Carers of People Living with Psychosis
Professor Carol Harvey
Carers of people living with a mental illness are often peripheral in the clinical setting, or considered only in relation to the person living with the mental illness. Our research group is investigating the health and wellbeing and needs of carers of people living with a mental illness and the effectiveness of services designed to meet these needs.
There is evidence for unmet need among carers, with a substantial percentage of carers experiencing social isolation (28.6%), psychological distress (37.7%) and poorer quality of life than population norms, in addition to experiencing prominent grief. Carers from culturally and linguistically diverse backgrounds have even poorer mental health and quality of life than Australian-born carers. In a follow-up study conducted by our group, there were few changes for carers over the course of one year other than a worsened perception of their quality of life related to their physical health. Analyses suggested that poorer functioning of people with psychosis influenced carers’ social isolation, grief and psychological distress. Findings suggested a pressing need to assess and improve carers’ health and wellbeing, especially their physical health, as well as to provide effective psychiatric rehabilitation to improve the functioning of their relatives with psychosis.
The Carer Peer Support Worker (CPSW) project aimed to increase carer access to educational and emotional support, to assess the impact of this support, and report on learnings and feasibility of the project. A carer peer support worker is someone who has had lived experience as a carer or family member of a person with a mental illness. A CPSW was employed to provide education, information and emotional support to other carers / family members of adults with mental health conditions accessing clinical services at the Broadmeadows team at North West Area Mental Health Service. Qualitative and quantitative data were collected from families and carers and mental health staff in order to evaluate the acceptability, uptake and impact of the CPSW project. Follow-up telephone interviews have been conducted with carers as part of a minor research thesis which have provided a rich understanding of the experiences of carers who have received CPSW support.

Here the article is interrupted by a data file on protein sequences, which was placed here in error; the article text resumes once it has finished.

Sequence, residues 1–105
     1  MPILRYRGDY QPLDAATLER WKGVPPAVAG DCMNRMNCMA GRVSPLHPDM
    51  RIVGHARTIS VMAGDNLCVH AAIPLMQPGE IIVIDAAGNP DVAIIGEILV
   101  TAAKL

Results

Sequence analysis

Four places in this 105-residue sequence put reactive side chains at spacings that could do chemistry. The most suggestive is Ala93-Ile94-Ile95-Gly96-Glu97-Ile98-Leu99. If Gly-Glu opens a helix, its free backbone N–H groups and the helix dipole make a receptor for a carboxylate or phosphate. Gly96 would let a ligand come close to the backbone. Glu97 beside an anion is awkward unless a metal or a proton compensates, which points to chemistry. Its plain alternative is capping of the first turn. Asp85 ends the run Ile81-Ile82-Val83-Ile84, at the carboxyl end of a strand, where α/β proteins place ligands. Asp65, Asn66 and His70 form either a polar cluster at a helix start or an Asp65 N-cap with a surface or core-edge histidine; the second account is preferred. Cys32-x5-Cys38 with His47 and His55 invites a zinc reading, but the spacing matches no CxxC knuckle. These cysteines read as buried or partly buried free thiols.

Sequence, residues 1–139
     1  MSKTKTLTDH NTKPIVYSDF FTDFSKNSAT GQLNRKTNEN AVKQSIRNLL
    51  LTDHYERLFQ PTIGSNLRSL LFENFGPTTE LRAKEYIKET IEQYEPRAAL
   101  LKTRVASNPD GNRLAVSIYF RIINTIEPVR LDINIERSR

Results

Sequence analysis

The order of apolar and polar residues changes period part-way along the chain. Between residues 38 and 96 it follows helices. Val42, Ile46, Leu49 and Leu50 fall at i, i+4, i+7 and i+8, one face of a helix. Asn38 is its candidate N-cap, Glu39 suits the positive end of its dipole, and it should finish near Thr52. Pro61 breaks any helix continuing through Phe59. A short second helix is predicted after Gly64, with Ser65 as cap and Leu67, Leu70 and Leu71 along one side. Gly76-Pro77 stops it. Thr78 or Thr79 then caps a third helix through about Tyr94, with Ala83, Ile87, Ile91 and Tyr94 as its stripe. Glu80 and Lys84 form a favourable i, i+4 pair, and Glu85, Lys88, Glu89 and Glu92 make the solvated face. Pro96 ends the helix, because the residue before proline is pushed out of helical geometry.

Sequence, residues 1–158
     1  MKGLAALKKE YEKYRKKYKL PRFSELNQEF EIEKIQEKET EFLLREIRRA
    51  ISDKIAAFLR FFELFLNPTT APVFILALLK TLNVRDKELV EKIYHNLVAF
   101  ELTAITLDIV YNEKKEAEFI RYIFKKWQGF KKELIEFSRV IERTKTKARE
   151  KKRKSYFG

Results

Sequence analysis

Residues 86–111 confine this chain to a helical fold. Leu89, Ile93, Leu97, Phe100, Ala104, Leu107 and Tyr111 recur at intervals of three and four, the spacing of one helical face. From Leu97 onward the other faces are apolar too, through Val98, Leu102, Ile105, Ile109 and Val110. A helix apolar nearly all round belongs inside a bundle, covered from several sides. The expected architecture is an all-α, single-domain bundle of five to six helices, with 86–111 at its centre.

Further collaborations to extend this carer research are being explored with Beijing University Institute of Mental Health.
North West Area Mental Health Service
Centre for Youth Mental Health, University of Melbourne
School of Social Sciences, University of New South Wales
School of Social Work, University of Melbourne,
Morgan, V., Castle, D., Bush, R., Galletly, C., Harvey, C., McGorry, P., McGrath, J., MacKinnon, A., Stain, H., Hocking, B., Waterreus, A., Jablensky, A. & Neil, A. Survey of High Impact Psychosis (SHIP). 2 years. Commonwealth Department of Health and Aging.
Harvey, C., Joubert, L. & Poon, A. Non-English speaking caregivers of people with psychosis: What is the impact of caregiving, How does it relate to the relative’s psychotic illness and what are the implications for service delivery? 2 years. William Buckland Foundation.
Irving, K. Embedding a carer peer support worker in an adult community mental health service: feasibility, access and impact. 1 year. NorthWestern Mental Health research seed funding.
Poon WC, Harvey C, McKinnon A & Joubert L. A longitudinal population-based study of carers of people with psychosis. In revised submission to Epidemiology and Psychiatric Sciences.
Coker F, Williams A, Hayes L, Hamann J & Harvey C. Meeting the needs of diverse consumers experiencing mental illness and their families through family psychoeducation: Evidence to support practice. In press in Journal of Mental Health.
Hayes L, Hawthorne G, Farhall J, O’Hanlon B & Harvey C. Quality of Life and Social Isolation Among Caregivers of Adults with Schizophrenia: Policy and Outcomes. Community Mental Health Journal, 2015; 51, 591-597.
Poon W C, Joubert L & Harvey C. A longitudinal study of the health and wellbeing of culturally and linguistically diverse caregivers of people with psychosis in Australia. International Journal of Social Psychiatry, 2015; 61(8), 743-753.
Goodison T & Tracey J. Embedding carer peer support in an adult community mental health service. TheMHS Conference. 2015. Canberra.
Harvey C & O’Hanlon B. Family psycho-education for families of people with schizophrenia and other psychotic disorders. Australian and New Zealand Journal of Psychiatry, 2013; 47: 516 - 520.
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